New month, fresh motivation. Looking for a starting point, or some inspiration for your work? We’ve assembled a list of prompts for creative encouragement.
The following prompts should be broad enough to apply to all writing genres. Non-writing mediums can make use of them, too: just swap out the word “write” for “draw” or “choreograph” or whatever is your generative verb of choice. We recommend not overthinking it. Set your phone to airplane mode, silence your inner editor, and go!
- Think of the oldest item of clothing that you own. First, describe it physically, in terms of color, material, etc. Try also to incorporate senses besides sight and touch (the sound it makes, a taste or smell the color evokes). Next, write about a specific memory in which it played a part.
- Write a recipe for a non-food item—e.g., an experience, a feeling, a magical power, etc.
- Write a scene or prose poem in which a secret, or some previously withheld information, is revealed.
- Enter your first and last name into an anagram generator. Use one or more of the results as a starting point for a piece of writing.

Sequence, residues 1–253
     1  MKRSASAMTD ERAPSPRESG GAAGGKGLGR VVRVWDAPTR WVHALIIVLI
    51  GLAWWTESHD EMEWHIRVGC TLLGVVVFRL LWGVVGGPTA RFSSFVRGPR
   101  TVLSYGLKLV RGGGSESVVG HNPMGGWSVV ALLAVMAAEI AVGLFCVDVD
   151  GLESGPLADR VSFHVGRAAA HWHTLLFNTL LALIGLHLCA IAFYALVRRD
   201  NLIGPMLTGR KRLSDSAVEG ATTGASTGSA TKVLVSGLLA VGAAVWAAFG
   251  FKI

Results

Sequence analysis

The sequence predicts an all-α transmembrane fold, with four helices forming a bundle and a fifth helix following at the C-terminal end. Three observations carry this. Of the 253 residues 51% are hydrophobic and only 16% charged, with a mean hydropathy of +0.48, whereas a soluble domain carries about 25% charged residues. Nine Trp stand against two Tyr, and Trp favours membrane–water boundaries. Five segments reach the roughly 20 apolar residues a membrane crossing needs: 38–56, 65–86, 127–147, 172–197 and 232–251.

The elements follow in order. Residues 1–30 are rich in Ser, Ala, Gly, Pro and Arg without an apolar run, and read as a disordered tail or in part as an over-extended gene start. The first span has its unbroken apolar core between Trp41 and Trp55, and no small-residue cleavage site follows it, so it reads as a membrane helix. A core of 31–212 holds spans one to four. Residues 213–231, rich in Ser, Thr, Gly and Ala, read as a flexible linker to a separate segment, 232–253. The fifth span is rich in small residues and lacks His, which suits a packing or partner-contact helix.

- Think of a fictional character—either one of your own invention, or from a work that you admire—and imagine a list of their most treasured belongings. Describe these belongings in great detail or use to create a list poem.
- Write about silence, either in the sense of an absence of noise, or the act of silencing, or being silenced.
- Describe a situation (fictional or drawn from your life) in which an apparently negative situation later proved to be positive. Or vice versa.
- Take an existing piece of your writing in which characters are interacting. Look for places where you used adverbs, and try replacing them with physical gestures. Try similar replacements in a poem.
- Make a map of your childhood neighborhood, without regard to accuracy or scale. Can be any combination of drawing or writing. Find one particular spot on the map and describe an event (either real, or imagined) that took place there.
- Write a book review of a book you’ve yet to write or critique a poem that doesn’t exist.
Did you miss earlier prompts lists? Here they are.
Like what you’ve written? Put it away for a week, then revisit, and revise, revise, revise. When it’s ready to go, submit. If you have feedback, or ideas for prompts, please get in touch.
[Art: ‘Silos and Fence’, by Submittable team member Ben Bloch]